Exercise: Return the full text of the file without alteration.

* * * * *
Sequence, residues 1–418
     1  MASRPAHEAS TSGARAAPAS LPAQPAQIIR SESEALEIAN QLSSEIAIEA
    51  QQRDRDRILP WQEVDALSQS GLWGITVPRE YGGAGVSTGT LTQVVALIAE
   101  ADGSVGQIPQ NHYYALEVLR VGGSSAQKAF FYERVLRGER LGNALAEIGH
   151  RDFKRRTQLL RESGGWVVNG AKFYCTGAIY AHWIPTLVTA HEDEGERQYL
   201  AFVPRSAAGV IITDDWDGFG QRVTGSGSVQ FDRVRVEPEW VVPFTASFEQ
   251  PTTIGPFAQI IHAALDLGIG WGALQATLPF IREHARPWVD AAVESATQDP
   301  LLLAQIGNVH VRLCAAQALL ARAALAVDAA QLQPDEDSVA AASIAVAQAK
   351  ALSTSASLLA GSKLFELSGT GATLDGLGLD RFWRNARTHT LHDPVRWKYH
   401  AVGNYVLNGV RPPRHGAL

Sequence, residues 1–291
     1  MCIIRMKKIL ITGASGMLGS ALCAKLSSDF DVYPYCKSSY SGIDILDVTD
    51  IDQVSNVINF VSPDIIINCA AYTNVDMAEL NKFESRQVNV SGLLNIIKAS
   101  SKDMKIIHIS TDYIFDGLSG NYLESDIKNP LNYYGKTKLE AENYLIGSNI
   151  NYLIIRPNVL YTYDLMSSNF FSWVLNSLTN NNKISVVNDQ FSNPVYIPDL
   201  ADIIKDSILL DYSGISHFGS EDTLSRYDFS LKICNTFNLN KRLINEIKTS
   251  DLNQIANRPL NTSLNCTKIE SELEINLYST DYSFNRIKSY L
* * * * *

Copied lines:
Sequence, residues 1–418
     1  MASRPAHEAS TSGARAAPAS LPAQPAQIIR SESEALEIAN QLSSEIAIEA
    51  QQRDRDRILP WQEVDALSQS GLWGITVPRE YGGAGVSTGT LTQVVALIAE
   101  ADGSVGQIPQ NHYYALEVLR VGGSSAQKAF FYERVLRGER LGNALAEIGH
   151  RDFKRRTQLL RESGGWVVNG AKFYCTGAIY AHWIPTLVTA HEDEGERQYL
   201  AFVPRSAAGV IITDDWDGFG QRVTGSGSVQ FDRVRVEPEW VVPFTASFEQ
   251  PTTIGPFAQI IHAALDLGIG WGALQATLPF IREHARPWVD AAVESATQDP
   301  LLLAQIGNVH VRLCAAQALL ARAALAVDAA QLQPDEDSVA AASIAVAQAK
   351  ALSTSASLLA GSKLFELSGT GATLDGLGLD RFWRNARTHT LHDPVRWKYH
   401  AVGNYVLNGV RPPRHGAL

Sequence, residues 1–291
     1  MCIIRMKKIL ITGASGMLGS ALCAKLSSDF DVYPYCKSSY SGIDILDVTD
    51  IDQVSNVINF VSPDIIINCA AYTNVDMAEL NKFESRQVNV SGLLNIIKAS
   101  SKDMKIIHIS TDYIFDGLSG NYLESDIKNP LNYYGKTKLE AENYLIGSNI
   151  NYLIIRPNVL YTYDLMSSNF FSWVLNSLTN NNKISVVNDQ FSNPVYIPDL
   201  ADIIKDSILL DYSGISHFGS EDTLSRYDFS LKICNTFNLN KRLINEIKTS
   251  DLNQIANRPL NTSLNCTKIE SELEINLYST DYSFNRIKSY L